It would all be a lot easier, of course, if the general law on cannabis was changed. And happily, there's a pathway there too. The Misuse of Drugs Act 1974 is finally due for review in the next term. There's likely to be considerable interaction between the processes for that and Genter's bill.
Would the government of a Prime Minister Ardern go there? I think so. Little was conservative on drug law reform – which is why Labour doesn't have a coherent policy beyond chanting that drug use should be considered a health rather than a criminal issue. By contrast, last year Ardern was one of a handful of New Zealand public figures (Metiria Turei was another) to sign a public letter to the UN Secretary General calling for an end to the war on drugs.
It's actually somewhat similar to what's happening around capital gains tax – Little's departure has allowed the issue to go back onto the table, but they don't have a policy so they're obliged to be vague. I don't expect them to magic up a policy they don't have in the month before an election – indeed, I'd rather they didn't. This stuff isn't trivial.
But I think the indications are promising. A couple of weeks ago, in the Media Take green room, I reminded Kelvin Davis that I'd interviewed him a couple of years before and he'd said that he didn't support decriminalisation and then gone on to hope for reform that was basically decriminalisation. He just couldn't quite say it.
And now? Things had changed, he said – he was all the way there. The time he'd spent involved with the New Zealand corrections system had seen to that. And in that show we recorded and in Māori Television's leaders debate, he said so. In the latter, he used the example of a whanau he knew who feared seeking help for their son's meth problem because they didn't want him exposed to the criminal justice system. It was powerful because it was practical.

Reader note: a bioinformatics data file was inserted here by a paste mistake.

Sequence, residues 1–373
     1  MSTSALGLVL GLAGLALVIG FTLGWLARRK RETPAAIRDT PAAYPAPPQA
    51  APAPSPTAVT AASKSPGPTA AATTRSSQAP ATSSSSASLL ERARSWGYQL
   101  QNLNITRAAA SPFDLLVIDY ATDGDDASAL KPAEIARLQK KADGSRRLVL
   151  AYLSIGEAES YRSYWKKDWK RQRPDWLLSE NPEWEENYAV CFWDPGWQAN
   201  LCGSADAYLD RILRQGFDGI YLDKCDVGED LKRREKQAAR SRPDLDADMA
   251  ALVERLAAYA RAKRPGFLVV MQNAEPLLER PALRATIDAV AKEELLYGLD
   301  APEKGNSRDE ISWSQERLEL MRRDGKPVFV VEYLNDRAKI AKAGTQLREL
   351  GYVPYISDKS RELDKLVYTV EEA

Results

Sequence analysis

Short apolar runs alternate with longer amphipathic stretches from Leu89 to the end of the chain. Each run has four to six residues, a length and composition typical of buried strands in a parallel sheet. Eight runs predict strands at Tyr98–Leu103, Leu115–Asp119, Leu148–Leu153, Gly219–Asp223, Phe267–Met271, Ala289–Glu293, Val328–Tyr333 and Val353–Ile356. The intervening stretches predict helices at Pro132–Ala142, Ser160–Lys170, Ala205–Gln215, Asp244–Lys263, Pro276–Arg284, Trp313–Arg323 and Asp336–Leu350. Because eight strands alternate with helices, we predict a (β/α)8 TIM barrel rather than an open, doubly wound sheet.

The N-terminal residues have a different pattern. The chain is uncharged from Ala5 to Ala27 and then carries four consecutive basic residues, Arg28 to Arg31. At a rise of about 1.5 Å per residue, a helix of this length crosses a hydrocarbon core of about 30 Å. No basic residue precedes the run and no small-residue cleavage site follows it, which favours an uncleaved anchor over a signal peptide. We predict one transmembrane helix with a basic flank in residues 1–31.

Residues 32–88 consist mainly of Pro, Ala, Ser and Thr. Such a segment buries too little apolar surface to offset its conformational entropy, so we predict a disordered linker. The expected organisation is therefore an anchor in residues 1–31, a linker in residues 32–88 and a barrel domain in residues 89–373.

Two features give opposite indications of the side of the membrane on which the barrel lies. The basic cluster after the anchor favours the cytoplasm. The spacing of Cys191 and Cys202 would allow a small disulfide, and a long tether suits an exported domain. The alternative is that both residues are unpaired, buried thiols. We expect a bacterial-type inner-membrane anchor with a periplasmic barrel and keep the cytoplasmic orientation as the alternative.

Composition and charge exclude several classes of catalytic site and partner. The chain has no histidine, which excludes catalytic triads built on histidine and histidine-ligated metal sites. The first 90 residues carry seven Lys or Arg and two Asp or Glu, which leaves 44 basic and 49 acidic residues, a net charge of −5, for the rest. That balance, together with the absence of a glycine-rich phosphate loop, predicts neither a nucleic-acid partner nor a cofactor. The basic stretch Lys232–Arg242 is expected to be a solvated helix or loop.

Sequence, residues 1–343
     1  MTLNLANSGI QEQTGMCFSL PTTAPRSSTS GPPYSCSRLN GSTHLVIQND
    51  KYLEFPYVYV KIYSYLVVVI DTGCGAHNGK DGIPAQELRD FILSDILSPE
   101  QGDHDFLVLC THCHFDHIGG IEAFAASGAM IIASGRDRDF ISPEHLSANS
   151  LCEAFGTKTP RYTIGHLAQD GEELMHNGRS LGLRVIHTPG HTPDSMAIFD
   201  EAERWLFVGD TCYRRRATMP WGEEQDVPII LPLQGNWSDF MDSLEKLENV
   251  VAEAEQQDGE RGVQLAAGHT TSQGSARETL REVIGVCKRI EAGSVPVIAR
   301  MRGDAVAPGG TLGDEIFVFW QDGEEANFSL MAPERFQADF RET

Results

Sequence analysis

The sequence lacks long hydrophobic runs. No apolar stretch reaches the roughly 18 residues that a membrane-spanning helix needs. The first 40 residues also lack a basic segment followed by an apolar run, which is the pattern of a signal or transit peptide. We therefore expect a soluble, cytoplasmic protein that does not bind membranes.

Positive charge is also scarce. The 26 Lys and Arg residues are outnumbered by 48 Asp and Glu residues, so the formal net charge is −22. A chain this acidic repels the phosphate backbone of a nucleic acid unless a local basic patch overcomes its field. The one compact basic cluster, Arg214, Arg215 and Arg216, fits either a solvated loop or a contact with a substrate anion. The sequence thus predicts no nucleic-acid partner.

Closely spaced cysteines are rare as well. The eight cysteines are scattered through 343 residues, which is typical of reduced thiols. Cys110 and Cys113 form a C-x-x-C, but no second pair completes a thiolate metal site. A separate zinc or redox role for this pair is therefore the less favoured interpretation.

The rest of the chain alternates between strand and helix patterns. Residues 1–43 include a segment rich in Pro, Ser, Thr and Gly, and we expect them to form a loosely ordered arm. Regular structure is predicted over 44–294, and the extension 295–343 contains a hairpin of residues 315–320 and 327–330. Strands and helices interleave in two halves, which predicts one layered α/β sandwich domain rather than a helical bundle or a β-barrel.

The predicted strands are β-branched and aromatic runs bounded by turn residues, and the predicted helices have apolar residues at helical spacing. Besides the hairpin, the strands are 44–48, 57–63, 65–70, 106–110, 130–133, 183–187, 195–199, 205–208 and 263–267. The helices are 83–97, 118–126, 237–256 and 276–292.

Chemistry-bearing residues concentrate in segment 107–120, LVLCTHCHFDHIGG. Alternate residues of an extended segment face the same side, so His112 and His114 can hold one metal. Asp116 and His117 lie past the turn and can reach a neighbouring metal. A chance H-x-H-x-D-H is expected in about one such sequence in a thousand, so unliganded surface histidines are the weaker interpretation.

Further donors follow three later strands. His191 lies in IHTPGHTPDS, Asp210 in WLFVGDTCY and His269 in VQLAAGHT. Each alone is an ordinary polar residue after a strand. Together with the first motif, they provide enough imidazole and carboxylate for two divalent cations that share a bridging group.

On Wednesday on Back Benches, Wallace Chapman quizzed Peter Dunne on his proposal to legalise and regulate cannabis, and asked Labour's Chris Hipkins why his party couldn't go there. Hipkins repeated the usual health-not-criminal line – and then acknowledged that the logical end point of that philosopy was likely something like what Dunne proposed.
So I think that the intent is there – and that given the way the Parliamentary stars have aligned, intent is all that's required for now. There's a medical cannabis bill up for grabs and a once-in-two-generations opportunity to modernise our drug law. Realistically, genuine progress on either will only be possible if Labour leads the next government.
But even that's not a given. I interviewed Peter Dunne this week for a story I'm working on – and it was a conversation I simply couldn't have had with any other MP. A Labour-led government will need to find such a person. It may be that the list of requirements – senior enough to be an associate minister, policy nerd, affinity for the issues – can't be satisfied in any one person. That's okay, too. Put two people on it. And make at least one them Māori. No conversation on drug policy in New Zealand can be had without Māori. Bottom line.
However it's worked out, this needs to be taken seriously. It's time.